Alonzo v. State (2001)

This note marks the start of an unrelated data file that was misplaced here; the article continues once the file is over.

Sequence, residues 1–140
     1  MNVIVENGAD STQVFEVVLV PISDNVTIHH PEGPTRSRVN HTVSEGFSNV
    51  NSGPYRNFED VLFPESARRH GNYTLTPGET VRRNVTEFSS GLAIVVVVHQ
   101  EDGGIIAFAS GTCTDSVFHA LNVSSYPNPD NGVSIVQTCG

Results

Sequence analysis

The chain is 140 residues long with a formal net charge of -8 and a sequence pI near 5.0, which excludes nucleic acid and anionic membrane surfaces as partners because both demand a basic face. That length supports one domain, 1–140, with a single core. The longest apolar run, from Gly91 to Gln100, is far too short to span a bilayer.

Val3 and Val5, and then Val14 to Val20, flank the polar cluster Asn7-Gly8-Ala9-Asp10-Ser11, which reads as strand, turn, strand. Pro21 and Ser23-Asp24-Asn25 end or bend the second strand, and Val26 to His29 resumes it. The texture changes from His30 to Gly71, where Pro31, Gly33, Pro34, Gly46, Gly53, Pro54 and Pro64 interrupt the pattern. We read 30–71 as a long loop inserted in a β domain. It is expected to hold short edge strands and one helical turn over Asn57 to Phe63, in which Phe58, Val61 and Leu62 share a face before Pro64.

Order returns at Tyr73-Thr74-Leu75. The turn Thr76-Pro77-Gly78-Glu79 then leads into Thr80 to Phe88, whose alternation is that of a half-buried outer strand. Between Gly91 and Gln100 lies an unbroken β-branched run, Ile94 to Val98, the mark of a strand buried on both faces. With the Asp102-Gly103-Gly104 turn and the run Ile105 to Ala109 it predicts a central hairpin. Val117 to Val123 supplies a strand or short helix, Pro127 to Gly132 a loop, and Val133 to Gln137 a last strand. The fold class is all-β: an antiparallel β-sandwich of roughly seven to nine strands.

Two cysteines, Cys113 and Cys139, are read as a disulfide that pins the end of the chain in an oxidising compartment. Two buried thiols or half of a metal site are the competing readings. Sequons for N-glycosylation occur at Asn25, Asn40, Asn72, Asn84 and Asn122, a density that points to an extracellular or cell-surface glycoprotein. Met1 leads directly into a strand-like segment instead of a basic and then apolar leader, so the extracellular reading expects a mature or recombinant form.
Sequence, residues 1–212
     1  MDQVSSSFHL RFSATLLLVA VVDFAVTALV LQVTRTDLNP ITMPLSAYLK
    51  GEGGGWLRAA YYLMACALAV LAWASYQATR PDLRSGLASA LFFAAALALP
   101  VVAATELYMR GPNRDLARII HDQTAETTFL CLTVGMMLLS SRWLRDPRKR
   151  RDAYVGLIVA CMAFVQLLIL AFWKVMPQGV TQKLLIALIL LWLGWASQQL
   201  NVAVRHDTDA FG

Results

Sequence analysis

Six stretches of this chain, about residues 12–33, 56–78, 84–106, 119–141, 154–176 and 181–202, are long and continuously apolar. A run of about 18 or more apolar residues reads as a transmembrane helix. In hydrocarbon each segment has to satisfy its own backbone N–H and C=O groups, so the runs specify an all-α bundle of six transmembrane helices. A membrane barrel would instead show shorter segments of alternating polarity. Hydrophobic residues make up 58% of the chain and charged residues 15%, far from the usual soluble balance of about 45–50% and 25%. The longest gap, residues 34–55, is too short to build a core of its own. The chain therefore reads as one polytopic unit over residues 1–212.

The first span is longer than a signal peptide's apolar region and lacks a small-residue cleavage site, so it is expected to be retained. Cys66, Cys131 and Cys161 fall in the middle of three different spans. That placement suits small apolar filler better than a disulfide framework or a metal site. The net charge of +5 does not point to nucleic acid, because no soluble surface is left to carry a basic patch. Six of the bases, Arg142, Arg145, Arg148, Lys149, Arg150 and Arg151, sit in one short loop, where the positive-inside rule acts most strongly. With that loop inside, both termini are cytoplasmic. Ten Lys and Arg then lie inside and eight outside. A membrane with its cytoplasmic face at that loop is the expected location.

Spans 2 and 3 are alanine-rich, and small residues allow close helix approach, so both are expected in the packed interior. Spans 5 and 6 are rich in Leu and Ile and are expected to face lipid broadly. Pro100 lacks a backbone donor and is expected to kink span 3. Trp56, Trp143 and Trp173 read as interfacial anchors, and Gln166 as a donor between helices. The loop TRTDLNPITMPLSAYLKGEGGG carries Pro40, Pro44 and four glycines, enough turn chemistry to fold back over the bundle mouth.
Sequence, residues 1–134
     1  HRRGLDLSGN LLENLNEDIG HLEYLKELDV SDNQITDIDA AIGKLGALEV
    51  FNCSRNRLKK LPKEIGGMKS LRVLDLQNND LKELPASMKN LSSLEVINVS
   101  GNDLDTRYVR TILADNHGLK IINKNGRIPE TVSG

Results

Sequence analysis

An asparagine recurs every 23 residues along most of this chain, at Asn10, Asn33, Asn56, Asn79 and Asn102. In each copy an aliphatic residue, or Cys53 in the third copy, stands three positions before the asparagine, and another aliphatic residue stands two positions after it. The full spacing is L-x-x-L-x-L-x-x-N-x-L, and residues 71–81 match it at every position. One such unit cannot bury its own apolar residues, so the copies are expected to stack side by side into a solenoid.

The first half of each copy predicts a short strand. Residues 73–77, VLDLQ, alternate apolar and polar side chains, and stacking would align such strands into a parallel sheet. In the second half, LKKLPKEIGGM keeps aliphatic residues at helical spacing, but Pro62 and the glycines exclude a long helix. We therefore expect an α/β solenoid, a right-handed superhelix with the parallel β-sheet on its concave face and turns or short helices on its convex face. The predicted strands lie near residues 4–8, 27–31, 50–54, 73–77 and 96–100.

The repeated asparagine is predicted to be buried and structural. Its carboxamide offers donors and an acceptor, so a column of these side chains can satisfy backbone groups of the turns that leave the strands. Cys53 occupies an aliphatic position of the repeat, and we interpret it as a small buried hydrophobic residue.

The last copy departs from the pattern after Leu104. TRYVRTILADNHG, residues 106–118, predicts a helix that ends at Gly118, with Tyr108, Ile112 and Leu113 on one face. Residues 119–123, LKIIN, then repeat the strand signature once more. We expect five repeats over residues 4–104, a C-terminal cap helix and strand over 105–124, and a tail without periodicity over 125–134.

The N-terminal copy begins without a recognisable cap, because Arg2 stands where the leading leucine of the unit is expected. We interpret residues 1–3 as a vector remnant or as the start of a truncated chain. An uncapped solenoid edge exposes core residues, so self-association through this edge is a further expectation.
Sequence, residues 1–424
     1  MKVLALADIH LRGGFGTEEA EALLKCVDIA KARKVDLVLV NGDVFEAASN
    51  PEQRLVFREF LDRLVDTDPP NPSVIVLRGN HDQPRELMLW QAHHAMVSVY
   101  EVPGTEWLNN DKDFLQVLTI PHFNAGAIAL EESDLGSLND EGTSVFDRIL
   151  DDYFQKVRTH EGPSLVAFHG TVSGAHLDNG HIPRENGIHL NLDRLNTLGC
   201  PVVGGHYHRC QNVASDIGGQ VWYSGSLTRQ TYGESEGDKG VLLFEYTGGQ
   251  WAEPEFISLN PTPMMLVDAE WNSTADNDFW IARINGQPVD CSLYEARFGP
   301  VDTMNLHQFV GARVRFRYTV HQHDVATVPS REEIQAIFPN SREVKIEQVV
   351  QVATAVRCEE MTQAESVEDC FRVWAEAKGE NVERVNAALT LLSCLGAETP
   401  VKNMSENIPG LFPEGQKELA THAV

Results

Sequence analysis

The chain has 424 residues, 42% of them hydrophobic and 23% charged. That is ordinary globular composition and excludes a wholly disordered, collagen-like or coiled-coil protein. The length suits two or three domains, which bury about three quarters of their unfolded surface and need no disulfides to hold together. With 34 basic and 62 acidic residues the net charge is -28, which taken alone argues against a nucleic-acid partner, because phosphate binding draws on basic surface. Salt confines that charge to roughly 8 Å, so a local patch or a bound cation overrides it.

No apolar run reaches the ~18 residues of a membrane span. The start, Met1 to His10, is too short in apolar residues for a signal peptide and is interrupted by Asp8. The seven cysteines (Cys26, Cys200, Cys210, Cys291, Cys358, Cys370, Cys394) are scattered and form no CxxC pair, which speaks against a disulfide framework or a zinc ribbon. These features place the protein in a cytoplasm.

In Alonzo v. State, 67 S.W.3d 346 (Tex.App.--Waco 2001, pet. dism'd) the Court concluded that the right to present a defensive theory is constitutional and rules of evidence, particularly hearsay rules, "must be flexible and must sometimes bend to the due-process rights of the defendant." Alonzo, 67 S.W.3d at 359. Further, the court identified five factors that a court should consider when determining whether otherwise inadmissible hearsay should be admitted because of these due process concerns: (1) the inherent trustworthiness of the hearsay; (2) any corroborating evidence that the hearsay is truthful; (3) the hearsay's importance to the determination of guilt-innocence; (4) the State's opportunity to examine the declarant of the hearsay; (5) the State's demonstration, if any, of the unreliability of the hearsay. Id. at 359-60. In Alonzo, the trial court excluded a videotaped statement of a person who claimed to have been an eyewitness to the killing and said that someone other than the defendant had committed the crime. The court of appeals concluded that the trial court erred by excluding the evidence because it violated the defendant's right to present his "alternative perpetrator" defense. Id. at 361-62.